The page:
45 Irongate Drive, Paris, ON N3L 4G3View on Map »

Components of a Farm Succession Plan

As advisors intimately involved with agriculture and succession planning, Vanrooy, Mlls & Associates are advocates of the OMAFRA planning materials. Below, we have re-printed a portion of their March 2012 fact Sheet. Barry Mills, CPCA and our Legal and tax specialist, John Mill, LL M, Barrister, Solicitor and Tax Counsel, are available to meet with you for a No Obligation, Free Consultation to discuss your current Plan, and/or suggest how to begin the process, in the most tax efficient and fair manner possible.

DEVELOPING THE FARM SUCCESSION PLAN – THE REAL DEAL

The following information is from the OMFRA Factsheet (Agdex# 812) published March 2010:
In addition, OMAFRA provides matching funds to reduce a farmer’s professional expenses in developing a succession plan.

Components of a Farm Succession Plan
Introduction

Succession planning is a continuous process to plan for the transfer of knowledge, skills, labour, management, control and ownership of the farm business between one generation, sometimes known as the founder or retiring generation, and the next or successor generation. Succession is a process and not an event; it takes time and effort to work through and develop a comprehensive plan that best meets the needs of the farm family.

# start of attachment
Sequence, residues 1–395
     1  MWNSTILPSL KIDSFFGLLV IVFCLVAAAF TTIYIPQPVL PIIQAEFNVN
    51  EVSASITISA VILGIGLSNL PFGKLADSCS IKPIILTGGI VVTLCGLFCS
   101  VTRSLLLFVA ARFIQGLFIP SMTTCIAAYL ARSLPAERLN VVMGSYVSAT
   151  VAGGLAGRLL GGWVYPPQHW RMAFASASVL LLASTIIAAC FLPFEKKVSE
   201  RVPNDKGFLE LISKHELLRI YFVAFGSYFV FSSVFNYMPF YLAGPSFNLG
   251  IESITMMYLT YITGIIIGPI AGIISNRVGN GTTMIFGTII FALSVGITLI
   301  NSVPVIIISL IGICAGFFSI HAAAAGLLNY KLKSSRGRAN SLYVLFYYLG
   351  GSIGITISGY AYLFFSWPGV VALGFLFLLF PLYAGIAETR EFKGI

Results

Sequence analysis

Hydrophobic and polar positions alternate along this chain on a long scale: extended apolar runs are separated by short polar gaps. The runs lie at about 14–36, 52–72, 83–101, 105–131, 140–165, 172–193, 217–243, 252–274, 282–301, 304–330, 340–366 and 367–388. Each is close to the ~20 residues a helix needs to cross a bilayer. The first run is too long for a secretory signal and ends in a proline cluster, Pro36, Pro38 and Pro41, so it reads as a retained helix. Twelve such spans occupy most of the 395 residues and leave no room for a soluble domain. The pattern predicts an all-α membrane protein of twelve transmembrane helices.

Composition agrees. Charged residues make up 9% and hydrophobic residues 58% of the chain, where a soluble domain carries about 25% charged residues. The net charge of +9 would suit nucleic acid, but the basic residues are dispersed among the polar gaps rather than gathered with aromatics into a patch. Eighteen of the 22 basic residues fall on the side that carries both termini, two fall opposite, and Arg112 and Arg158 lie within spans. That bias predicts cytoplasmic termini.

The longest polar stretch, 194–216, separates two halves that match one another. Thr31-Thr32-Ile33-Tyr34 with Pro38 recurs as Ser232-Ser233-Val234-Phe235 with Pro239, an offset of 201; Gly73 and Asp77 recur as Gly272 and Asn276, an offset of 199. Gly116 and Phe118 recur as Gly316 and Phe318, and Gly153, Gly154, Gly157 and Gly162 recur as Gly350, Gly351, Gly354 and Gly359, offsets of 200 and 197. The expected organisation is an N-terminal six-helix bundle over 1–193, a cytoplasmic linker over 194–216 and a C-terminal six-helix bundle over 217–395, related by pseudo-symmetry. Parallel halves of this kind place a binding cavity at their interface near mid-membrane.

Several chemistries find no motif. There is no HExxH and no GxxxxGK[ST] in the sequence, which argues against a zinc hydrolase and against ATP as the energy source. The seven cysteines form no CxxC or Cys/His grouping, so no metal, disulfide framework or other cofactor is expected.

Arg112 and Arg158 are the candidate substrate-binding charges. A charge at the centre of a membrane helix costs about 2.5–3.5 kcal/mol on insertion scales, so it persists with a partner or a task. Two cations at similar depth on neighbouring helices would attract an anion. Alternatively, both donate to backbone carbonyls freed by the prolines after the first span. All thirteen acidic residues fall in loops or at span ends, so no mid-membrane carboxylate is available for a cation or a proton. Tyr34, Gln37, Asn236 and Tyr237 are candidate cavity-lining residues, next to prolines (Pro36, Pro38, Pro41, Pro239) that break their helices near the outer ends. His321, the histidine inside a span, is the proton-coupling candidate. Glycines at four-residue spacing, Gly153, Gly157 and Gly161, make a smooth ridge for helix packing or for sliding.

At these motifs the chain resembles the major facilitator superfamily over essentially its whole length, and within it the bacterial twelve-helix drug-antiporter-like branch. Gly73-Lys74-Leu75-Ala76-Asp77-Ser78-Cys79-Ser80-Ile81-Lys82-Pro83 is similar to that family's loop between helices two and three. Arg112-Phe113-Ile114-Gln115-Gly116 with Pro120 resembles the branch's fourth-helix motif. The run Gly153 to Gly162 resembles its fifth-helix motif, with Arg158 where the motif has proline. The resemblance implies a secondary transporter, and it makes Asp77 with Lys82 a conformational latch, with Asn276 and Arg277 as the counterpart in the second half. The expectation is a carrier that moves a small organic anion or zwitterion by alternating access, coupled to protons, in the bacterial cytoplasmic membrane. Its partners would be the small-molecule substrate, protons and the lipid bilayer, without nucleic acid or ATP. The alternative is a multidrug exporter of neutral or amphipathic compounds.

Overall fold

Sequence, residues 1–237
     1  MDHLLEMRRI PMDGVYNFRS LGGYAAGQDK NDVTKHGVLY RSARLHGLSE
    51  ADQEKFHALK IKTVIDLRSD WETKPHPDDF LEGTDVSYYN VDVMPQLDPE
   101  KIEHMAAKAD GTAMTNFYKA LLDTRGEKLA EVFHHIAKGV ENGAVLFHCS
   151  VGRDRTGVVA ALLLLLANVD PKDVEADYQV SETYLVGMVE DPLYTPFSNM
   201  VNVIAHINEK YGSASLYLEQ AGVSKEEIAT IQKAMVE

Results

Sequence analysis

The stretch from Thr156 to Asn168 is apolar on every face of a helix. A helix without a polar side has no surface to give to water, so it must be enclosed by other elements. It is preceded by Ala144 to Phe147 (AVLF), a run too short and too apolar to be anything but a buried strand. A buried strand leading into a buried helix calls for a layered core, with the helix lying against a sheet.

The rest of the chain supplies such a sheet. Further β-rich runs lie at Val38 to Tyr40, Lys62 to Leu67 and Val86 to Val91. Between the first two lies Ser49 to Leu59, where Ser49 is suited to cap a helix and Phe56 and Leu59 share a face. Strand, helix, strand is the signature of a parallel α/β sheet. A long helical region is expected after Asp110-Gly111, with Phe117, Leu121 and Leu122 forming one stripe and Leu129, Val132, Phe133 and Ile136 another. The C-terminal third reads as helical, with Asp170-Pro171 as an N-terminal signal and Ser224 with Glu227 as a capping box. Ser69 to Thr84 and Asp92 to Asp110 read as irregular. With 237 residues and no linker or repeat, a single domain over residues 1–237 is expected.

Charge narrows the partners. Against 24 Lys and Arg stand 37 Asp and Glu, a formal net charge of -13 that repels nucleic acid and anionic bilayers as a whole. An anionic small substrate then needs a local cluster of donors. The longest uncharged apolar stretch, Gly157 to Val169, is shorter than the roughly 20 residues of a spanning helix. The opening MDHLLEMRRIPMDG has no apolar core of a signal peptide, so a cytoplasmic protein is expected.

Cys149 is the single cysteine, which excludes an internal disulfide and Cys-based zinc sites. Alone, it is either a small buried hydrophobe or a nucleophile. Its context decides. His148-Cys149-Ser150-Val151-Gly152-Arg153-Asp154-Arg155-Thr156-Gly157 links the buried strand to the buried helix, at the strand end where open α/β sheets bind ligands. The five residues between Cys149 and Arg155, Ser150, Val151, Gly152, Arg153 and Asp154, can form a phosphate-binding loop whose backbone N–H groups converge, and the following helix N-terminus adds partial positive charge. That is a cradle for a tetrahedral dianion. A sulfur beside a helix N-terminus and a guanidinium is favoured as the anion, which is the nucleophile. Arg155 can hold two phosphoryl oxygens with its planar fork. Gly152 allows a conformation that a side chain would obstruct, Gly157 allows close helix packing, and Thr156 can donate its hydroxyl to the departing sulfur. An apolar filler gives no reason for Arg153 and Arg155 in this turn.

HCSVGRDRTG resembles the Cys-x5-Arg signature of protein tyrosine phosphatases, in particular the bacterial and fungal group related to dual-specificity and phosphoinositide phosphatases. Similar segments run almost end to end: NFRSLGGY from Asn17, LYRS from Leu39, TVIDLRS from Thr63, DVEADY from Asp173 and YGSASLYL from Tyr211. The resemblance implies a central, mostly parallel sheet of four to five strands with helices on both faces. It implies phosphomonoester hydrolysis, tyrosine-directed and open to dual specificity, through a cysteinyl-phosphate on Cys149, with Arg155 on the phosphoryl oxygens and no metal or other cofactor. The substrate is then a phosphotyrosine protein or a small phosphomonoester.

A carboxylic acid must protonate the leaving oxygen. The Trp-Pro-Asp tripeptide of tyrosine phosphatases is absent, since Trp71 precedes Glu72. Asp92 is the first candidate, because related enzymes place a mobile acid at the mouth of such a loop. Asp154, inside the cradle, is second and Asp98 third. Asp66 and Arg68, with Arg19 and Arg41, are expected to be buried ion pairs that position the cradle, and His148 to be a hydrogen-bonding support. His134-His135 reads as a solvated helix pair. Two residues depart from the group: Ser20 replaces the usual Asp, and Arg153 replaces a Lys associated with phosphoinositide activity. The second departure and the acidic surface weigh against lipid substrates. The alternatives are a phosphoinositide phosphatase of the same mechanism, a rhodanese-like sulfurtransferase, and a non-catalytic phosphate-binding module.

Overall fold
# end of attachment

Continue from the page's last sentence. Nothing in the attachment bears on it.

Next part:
There are two main parts to developing a succession plan: (1) the "process" - discussing it, thinking about it, researching options, planning, deciding and (2) the "documentation" - recording the decisions through a written succession plan.

Main Elements Of A Succession Plan

A succession plan deals the transfer of three main areas:

  • labour
  • management and decision-making (control)
  • ownership (the actual assets)

In most intergenerational farm transfers, the transfer of labour occurs first and is relatively straightforward. The transfer of management and decision-making, on the other hand, is not only the most difficult it is also key to the success of the entire process.

Management and decision-making transfer needs to be supported by a training and development plan. It will help to ensure that the next generation has the necessary knowledge and skills to take over and successfully operate the farm business in the future.

The transfer of ownership of assets involves the actual purchase/sale and/or gifting of the farm assets from one generation to the next.

The complete OMAFRA Factsheet: Farm Succession Planning